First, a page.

Being a carer is incredibly rewarding but it can at times feel lonely and difficult. If you care for a friend or loved one, there are many organisations and support groups that can help. However, it may also be useful and comforting to get advice from other carers. We spoke to three carers to find out their top pieces of advice for carers.
Julie’s story as a sandwich carer
Julie Simpson is what’s known as a sandwich carer, which means that she cares for both her child as well as a parent. She is a Motability Scheme customer on behalf of her son Joe, who is autistic, and also shares the care of her 84-year-old mother with her brother and sister.
What does being a ‘sandwich carer’ mean?
With life expectancy increasing and families having children at a later stage in life, caring for an elderly parent and a child is becoming more common. Around 1.3 million people are experiencing double-caring routines. Having such a busy caring routine can increase anxiety and depression, which is why it’s essential for “sandwich carers” to focus on their wellbeing to not only take care of themselves, but to give a better and more enjoyable care for their relatives.
Below are top tips for sandwich carers:
1. Don’t be afraid to ask for help
Carers will sometimes put the needs of those they care for above their own and not take the time to look after themselves. Julie stresses how important it is to get support that frees up some time to ensure you can take care of yourself, too.
“Find support! Don’t try to do everything on your own,” she advises. “You’re always worrying about them, so you might miss doctor’s appointments or fail to get your flu jab while making sure they get theirs.”
Friends and family members, or even colleagues, may ask if they can help if they know you’ve just become a carer. Even something as small as picking up some shopping for you while they happen to be at the supermarket or cooking for you once in a while can make a huge difference—so don’t be afraid to take them up on their offer and let them know exactly what you need help with.
2. Nurture your relationships
Julie also feels that caring responsibilities can add additional strain to relationships or marriages. As she says, “my husband and I are sometimes like ships that pass in the night.” But this doesn’t have to be the case—you just need to make sure to adapt your relationship to your schedule. For example, if it’s tough to get out in the evening with your partner due to caring responsibilities, Julie suggests daytime dates as an alternative. “We go out together when Joe’s in school. You have to make the time for each other and for yourself.” This is just one solution that works for Julie and it’s important to find what works for your unique situation.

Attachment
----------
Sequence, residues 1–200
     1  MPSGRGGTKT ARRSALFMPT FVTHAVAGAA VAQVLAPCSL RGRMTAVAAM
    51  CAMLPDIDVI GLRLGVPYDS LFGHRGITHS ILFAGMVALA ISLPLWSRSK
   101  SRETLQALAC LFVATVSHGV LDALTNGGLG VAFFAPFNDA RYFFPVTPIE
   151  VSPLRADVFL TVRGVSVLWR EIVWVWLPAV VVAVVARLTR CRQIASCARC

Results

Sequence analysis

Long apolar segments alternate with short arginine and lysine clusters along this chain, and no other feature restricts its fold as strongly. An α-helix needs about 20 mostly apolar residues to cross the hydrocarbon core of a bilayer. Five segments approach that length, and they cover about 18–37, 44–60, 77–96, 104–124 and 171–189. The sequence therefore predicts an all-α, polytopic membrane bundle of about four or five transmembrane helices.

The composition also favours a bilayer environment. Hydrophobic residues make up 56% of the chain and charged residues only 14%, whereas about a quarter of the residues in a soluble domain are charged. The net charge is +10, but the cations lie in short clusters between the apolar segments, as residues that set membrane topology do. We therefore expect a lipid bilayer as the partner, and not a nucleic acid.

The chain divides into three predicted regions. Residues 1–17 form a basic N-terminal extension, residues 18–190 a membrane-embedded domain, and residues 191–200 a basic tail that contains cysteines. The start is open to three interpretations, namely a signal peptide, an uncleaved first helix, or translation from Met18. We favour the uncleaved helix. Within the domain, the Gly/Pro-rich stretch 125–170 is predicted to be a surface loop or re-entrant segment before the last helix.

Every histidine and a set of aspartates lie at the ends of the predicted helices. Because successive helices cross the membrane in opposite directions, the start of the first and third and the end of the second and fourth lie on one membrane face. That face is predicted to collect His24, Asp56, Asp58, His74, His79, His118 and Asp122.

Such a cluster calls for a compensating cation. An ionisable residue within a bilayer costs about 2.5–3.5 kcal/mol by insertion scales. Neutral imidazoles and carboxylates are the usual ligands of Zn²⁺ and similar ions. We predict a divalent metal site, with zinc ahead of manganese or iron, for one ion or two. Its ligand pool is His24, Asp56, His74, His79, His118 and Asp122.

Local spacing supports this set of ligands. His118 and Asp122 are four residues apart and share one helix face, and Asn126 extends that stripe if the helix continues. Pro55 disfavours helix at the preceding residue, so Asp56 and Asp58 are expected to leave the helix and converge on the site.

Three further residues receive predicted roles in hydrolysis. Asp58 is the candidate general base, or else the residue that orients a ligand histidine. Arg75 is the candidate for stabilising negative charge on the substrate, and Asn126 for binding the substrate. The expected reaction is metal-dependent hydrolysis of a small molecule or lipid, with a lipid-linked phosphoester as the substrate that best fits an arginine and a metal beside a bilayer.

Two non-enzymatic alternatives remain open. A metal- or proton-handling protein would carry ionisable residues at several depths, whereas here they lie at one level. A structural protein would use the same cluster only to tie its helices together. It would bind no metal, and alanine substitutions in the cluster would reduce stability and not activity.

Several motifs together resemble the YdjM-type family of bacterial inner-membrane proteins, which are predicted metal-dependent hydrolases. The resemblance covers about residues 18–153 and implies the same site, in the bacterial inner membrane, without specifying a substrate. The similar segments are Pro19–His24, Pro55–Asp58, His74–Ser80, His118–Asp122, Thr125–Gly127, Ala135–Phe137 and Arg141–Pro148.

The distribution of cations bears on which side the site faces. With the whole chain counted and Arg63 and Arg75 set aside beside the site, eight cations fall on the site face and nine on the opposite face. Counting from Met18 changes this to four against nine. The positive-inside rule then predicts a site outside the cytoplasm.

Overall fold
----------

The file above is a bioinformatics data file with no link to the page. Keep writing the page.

Spending time with loved ones can help to recharge your energy, and give you space to talk about any difficulties you’re struggling with. It can be valuable time spent together, so try wherever you can to make space for your relationships.
It’s important for you to maintain your relationships and interests beyond your caring responsibilities
3. Find opportunities for independence
If possible, it may help the person you care for if you give them certain jobs they can do. This can increase their independence and, of course, you also have extra help. Fiona cares for her husband, Al, a wheelchair user. She explains, “I can do all the shopping in the car but I’ll send him to the other side of town in his scooter to check out prices because it’s useful for me and he feels needed.”
4. Making time for yourself
Julie highlights the importance of finding a hobby or activity that is just for you. For example, she does Yoga classes and Fiona enjoys swimming and playing golf. Activities don’t have to be physical, although exercise can help burn off frustration and, as some carers will candidly admit, anger.
“It’s okay to feel angry,” says Mary, whose partner has Parkinson’s Disease. “Anger is a part of bereavement and sometimes becoming a carer is a bit like a bereavement as you lose parts of the person they were. It’s okay to be angry about that. I think it’s healthy, in fact.”
Finding an activity that you can put into your weekly routine will give you time to yourself and something to focus on throughout the week. Even if you can’t find time to go out and do something, there’s plenty you can do from home like crafting, journaling, reading or having friends and loved ones over. Make time for the things that you enjoy, ultimately it will benefit yourself and the person you’re caring for.
Julie says that it’s very common to feel guilty when you do take time for yourself. “Don’t feel guilty. You’re doing your best for them!”
5. Join a support group
Support groups can also be helpful and a valuable way of doing something for yourself. Many carers find them invaluable, not just for support, but also tips and advice. You can find out more about these groups and more resources available to you with our guide to support for carers.
Of course, support groups aren’t for everyone! “I tried being in a carers group and it was helpful, but I prefer to spend my precious ‘me time’ with friends who aren’t carers so I can get away from my caring role from time to time,” Mary says.
How the Motability Scheme supports carers
Motability Scheme customers can add up to two named drivers so that as their carer, you can use their car to help with getting around, doing shopping, and other tasks to help with caring duties. Find out more about how the Scheme works for carers, appointees and nominees.